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Your commercial tenant went dark and dropped the keys off before the expiration of the lease, leaving you with back rent on the books and no tenant paying ongoing rent. Distress in the retail leasing sector under pressure by ecommerce is making this an increasingly likely scenario. Against a tenant who is no longer in possession, a landlord-tenant summary proceeding is not an option to recover the back rent, and it never could get future rent. But with an effective rent-acceleration clause and good-guy guaranty, there is a little-used legal procedure that could allow the landlord to quickly pursue the guarantor for lost back and future rents: a motion for summary judgment in lieu of complaint.
By Janice G. Inman
Bankruptcy is a fact of life in the United States. When it happens, the treatment of a lease as either residential or non-residential may be crucial to all parties -- landlords, tenants, subtenants and their counselors.
By Barry M. Klayman and Mark E. Felger
In a recent decision, Bankruptcy Judge Christopher S. Sontchi addressed the question of whether a Chapter 11 debtor, the tenant under a commercial lease, could exercise an option to renew the lease during the bankruptcy proceedings, even though the debtor was in default under the lease and the lease specified that it could not be renewed if defaults existed at the time the option was exercised.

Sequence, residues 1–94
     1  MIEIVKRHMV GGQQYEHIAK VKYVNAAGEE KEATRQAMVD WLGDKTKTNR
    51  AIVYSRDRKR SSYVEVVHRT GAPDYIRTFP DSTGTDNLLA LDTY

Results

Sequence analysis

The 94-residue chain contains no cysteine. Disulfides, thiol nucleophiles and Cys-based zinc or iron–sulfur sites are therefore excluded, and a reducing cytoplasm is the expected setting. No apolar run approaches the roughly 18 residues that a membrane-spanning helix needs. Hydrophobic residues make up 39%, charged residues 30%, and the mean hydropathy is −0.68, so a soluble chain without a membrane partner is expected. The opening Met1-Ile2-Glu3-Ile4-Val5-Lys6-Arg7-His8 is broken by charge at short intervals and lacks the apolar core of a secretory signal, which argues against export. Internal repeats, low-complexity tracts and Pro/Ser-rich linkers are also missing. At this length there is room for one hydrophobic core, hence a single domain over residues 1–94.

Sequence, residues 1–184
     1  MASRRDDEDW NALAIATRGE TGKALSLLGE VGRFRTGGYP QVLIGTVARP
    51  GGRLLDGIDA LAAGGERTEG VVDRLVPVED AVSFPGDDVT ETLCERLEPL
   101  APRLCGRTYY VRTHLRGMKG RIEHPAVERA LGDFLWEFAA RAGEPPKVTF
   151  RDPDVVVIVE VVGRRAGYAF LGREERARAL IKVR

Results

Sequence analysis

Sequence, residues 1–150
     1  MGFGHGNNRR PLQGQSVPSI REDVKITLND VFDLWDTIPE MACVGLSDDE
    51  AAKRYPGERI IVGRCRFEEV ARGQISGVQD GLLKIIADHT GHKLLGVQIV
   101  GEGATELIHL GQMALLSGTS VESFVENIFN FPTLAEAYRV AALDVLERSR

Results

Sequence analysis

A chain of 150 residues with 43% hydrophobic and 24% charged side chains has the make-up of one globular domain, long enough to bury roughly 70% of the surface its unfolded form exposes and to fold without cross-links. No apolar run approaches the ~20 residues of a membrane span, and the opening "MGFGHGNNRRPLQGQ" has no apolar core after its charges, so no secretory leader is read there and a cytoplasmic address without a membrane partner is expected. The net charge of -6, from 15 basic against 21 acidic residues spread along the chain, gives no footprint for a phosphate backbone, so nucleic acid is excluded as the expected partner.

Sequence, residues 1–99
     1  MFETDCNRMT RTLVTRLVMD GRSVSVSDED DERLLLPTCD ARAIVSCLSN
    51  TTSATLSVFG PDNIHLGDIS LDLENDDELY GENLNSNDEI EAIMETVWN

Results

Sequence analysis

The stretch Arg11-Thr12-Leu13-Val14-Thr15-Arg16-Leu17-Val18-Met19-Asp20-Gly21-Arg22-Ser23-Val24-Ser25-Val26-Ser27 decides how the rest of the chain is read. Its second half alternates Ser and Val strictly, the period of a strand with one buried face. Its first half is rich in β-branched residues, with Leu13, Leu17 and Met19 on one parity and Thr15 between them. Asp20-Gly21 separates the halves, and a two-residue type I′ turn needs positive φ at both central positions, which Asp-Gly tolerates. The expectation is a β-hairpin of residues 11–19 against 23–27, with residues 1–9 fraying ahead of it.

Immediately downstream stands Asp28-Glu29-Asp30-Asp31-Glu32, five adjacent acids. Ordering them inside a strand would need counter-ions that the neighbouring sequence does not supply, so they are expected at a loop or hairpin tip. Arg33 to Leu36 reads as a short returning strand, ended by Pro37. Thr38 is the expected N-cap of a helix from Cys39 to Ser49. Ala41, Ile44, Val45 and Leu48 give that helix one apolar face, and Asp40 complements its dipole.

By David B. Saxe and Danielle C. Lesser
Is This The End of the ‘Yellowstone’ Doctrine?
Recently, New York’s Appellate Division, Second Department, acknowledged that commercial landlords may employ a strategy that prevents tenants from exercising Yellowstone rights, which enjoin the landlord from terminating the lease or commencing a summary proceeding.
Slip-and-Fall Victim Cannot Recover from Landlord or Tenant